Master Do-files

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The master do-file is the main do file that is used to call upon all the other do files. By running this file, all files needed from importing raw data to cleaning, constructing, analysing and outputting results should be run. This file therefore also functions as a map to the data folder.

Read First

  • The command iefolder sets up the master do-file according to the description in this article for you.
  • The person creating the master do-file should be able to run the do-files from all stages (cleaning, construct, analysis, exporting tables, etc) from the master do-file and the anyone else should be able to run all of those stages and get the exact same results by only running the master do-file after changing the path global to the location where the project is stored on their computer.

Purpose of a Master Do-File

A master do-file has the following three purposes:

  • The first reason is that it possible to run all code related to a project by running only one dofile. This is incredible important for replicability.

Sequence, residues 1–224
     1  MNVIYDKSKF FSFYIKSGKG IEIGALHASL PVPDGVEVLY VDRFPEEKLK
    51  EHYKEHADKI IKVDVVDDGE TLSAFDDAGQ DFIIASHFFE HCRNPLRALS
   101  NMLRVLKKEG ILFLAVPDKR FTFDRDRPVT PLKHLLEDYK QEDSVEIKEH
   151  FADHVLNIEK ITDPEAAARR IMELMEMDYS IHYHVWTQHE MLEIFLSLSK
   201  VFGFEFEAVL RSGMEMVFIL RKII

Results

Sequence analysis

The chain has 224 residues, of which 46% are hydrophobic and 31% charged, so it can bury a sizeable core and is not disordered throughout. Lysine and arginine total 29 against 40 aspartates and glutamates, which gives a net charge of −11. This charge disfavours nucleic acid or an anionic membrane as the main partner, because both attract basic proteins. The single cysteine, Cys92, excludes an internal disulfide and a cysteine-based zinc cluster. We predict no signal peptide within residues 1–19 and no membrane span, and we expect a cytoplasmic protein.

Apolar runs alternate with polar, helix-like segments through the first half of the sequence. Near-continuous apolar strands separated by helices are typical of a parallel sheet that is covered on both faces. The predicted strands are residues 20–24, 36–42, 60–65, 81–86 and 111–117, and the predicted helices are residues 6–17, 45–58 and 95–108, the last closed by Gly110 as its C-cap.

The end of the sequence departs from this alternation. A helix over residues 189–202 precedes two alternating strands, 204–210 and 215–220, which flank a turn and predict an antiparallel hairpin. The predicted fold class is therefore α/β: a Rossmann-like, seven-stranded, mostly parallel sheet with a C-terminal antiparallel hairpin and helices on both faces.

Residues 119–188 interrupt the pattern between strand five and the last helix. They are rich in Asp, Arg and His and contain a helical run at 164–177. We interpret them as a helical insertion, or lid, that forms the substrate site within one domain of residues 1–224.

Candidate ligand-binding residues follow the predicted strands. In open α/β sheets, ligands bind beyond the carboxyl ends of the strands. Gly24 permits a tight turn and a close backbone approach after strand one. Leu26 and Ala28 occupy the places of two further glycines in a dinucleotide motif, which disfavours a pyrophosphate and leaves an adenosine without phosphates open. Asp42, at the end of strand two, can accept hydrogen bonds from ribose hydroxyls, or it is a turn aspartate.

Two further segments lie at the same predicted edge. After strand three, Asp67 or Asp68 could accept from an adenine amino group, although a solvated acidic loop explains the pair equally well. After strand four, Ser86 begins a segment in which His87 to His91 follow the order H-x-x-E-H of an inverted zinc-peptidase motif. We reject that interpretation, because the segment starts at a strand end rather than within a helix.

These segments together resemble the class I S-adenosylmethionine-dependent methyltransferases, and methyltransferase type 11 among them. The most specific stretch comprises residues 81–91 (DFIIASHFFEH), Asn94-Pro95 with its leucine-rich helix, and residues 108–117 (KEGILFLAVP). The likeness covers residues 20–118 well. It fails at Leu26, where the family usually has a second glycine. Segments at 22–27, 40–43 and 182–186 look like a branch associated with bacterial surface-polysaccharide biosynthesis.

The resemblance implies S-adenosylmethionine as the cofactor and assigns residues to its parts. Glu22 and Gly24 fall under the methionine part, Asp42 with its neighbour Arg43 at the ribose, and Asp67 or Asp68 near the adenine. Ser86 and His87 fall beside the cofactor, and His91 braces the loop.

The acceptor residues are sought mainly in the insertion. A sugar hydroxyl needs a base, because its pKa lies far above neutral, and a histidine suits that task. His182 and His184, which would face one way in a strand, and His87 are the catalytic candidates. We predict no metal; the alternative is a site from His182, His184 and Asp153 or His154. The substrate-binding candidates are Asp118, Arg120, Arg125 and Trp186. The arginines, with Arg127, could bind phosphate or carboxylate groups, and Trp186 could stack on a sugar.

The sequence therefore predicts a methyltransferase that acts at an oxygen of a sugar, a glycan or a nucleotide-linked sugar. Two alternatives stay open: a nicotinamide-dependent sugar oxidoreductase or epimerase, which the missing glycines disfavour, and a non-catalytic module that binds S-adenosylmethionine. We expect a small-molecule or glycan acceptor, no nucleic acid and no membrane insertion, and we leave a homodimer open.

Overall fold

• The second purpose is to set up globals. The most important type of global to be set up is folder paths that enables dynamic file paths that in turn allows multiple users run the same code, it shortens the file paths as well as making it possible to move files and folders with minimal updates to the code. Standardized conversion rates are another example of global.
  • The third purpose is that this file is the main map to the DataWork folder.

Each of these purposes are described in more detail below.

Purpose 1. Run do-files needed for the data work